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Visiting Catalan Modernism architecture in Barcelona

18 things to do and see

Explore the Gaudi, Domenech I Muntaner and Puig i Cadafalch Catalan modernism Art Nouveau architectural masterpieces in Barcelona.

Views: 3.2k Updated: Feb 2, 2023 by: Barcelona Travel Hacks

Description of Catalan Modernism

Catalan modernism, Modernisme, is an architectural style particular to Catalonia which has elements of Art Nouveau, gothic and modernism.

Catalan Modernism started around the end of the 19th century in parallel with the Industrial Revolution. Catalan Modernism differs from the Medieval and roman architecture found in the old gothic centre and Born areas of old Barcelona. Buildings from this period of construction predominantly used Stone quarried from the hills in Collserola and Montjuic.

Many turn of the century industrial and civic buildings were constructed in Catalan modernism style, noted for the brick walls with accents, brick curved walls, spiraled columns and decorated colour tile accents. Examples of this style Include the Palau de La Musica, Sants food Market, Recinte Modernista de Sant Pau (former grand hospital), Caixa forum (former textile factory) and Three Dragons castle (Former Restaurant built for 1888 World Exhibition).

Catalonia has always been a very wealthy part of Spain from its days as a Roman port through the medieval periods and into modern history. At the end of the 19th Century there was great social change as agrarian labour was replaced by mechanisation and workers moved to the cities to find employment in the many factories. The area East of the medieval centre of Barcelona in what is today vila Olimpica, Poble Nou, Forum and Besos neighbourhoods were mostly factories linked via railway goods yards.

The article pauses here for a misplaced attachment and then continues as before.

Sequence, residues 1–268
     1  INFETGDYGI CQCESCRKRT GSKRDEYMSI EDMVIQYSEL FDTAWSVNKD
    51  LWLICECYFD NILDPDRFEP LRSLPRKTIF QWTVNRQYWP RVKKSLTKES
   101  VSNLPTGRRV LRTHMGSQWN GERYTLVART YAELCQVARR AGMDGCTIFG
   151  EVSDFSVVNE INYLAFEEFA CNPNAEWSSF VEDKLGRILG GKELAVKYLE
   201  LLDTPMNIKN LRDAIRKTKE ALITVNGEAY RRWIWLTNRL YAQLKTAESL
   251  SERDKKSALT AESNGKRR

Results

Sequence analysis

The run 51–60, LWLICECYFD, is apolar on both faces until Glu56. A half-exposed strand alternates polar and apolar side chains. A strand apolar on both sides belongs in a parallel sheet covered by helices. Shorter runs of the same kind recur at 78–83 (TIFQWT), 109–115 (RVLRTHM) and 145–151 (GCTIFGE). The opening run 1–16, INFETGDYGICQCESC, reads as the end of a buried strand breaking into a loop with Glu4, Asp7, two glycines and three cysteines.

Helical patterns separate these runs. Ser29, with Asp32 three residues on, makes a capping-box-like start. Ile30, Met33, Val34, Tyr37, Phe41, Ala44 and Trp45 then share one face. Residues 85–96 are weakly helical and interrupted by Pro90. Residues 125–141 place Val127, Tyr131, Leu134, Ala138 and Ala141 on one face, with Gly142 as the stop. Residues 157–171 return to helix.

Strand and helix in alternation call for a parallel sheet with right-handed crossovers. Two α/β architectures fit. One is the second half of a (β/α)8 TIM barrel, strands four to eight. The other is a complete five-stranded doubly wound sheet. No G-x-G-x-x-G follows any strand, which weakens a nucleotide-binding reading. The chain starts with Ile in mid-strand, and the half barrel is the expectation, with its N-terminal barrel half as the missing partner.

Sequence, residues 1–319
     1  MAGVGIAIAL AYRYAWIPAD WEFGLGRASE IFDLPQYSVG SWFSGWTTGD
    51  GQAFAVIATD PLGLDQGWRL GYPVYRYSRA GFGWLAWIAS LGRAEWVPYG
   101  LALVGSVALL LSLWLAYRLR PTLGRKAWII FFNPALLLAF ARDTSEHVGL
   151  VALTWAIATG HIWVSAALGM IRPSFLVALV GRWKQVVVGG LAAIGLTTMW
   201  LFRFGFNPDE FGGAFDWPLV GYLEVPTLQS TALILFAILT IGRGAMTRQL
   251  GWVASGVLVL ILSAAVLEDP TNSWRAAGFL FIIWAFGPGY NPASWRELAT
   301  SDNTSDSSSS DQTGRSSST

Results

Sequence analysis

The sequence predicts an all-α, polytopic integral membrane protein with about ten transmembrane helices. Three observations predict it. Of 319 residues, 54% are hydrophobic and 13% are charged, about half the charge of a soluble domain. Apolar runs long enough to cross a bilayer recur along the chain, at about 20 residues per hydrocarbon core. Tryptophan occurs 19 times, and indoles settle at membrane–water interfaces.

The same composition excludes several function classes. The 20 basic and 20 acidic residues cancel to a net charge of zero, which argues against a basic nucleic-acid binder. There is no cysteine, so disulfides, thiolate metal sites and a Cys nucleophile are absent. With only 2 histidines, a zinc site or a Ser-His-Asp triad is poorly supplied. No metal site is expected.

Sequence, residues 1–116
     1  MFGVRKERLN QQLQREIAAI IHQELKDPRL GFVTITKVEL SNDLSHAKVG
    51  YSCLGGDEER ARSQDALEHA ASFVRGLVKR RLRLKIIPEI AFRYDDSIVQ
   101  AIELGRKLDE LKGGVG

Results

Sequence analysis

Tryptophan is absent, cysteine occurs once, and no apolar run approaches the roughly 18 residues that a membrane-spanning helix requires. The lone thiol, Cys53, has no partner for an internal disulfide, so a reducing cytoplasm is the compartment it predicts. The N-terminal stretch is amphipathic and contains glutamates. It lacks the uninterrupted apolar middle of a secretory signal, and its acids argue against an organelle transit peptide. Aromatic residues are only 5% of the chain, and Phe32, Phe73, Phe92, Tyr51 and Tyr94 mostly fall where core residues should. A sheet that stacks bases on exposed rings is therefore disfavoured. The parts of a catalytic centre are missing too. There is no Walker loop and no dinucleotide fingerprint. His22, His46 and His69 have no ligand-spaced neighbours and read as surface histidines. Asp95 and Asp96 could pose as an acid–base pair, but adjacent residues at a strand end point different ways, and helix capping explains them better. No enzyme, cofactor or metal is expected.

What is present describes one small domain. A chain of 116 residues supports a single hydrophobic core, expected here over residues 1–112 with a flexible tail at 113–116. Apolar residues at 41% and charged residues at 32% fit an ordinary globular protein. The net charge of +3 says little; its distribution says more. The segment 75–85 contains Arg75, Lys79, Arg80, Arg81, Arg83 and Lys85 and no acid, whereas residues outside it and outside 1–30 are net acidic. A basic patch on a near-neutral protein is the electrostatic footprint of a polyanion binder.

In Barcelona, La Eixampla neighbourhood surrounding the medieval centre, was constructed to house the population explosion from the large influx of factory workers. Many of the Modernist masterpieces can be found in La Eixample due availability of land because it was open fields and farm land before the population explosion and la Eixampla creation.

Along with the Catalan nationalism movement there was a strong desire to modernise the society for everyone, not just the bourgeois wealthy. Politically, Barcelona was a socialist city and still retains many socialist values today. The movement was taken up by artists, poets, writers and architects. Large civic projects were undertaken like Hospital sant Pau (Recinte Modernista de Sant Pau), to improve the well being of the population. Food markets like Sants were constructed to provide for the expanding population. New railways like the FGC Valles lines were constructed. Notable stations are plaza Catalunya and provenca, both being subterranean stations with tile decoration and modernist flourishes.

When talking about Catalan modernism, the obvious name that comes to mind is Antonio Gaudi who's works include La Sagrada familia, Casa Batllo, La Pedera - Casa Mila, Parc Guell, Torre bellesguard and Palau Guell. Antonio Gaudi employed Gothic, Art Nouveau and Catalan Modernism in his works, with heavy use of Saint George's dragon (Sant Jordi is the patron saint of Barcelona) in his works. Casa Batllo has the roof shaped like a dragon with the inside white arches representing the ribs and the outside roof tiles representing the scales of the dragon. If you look closely you will make out other features of a dragon such as a body and tail (chimney). Torre bellesguard also has a dragon on the roof. you can see the eyes, body and tail.

The Catalan modernism movement had multiple pioneering architects such as Lluis Domenech I Muntaner who built the Sant Pau hospital (Recinte Modernista de Sant Pau), Palau de la musica and Three Dragons Castle. Josep Puig i Cadafalch built the Caixa Forum (former textile factory). The odd one out here is Josep Domenech i Estapa who hated Catalan Modernism style but some of his works such as Fabra Observatory and Cosmo Caixa science museum contain touches of Art Nouveau style.

Many of the Catalan Modernism buildings were commissioned by the wealthy bourgeois merchants of Barcelona and give the city a unique culture and artistic vibe to this day.

The attractions below on this page are all examples of Catalan Modernism and have common themes such as Parabolic arches, curved lines, Features that replicate nature: animals, trees and plants; Use of brightly coloured ceramics and plenty of ornate detail. Some of these buildings are on the UNESCO world heritage list.


Click on any of the images to read more and discover how to visit each masterpiece.


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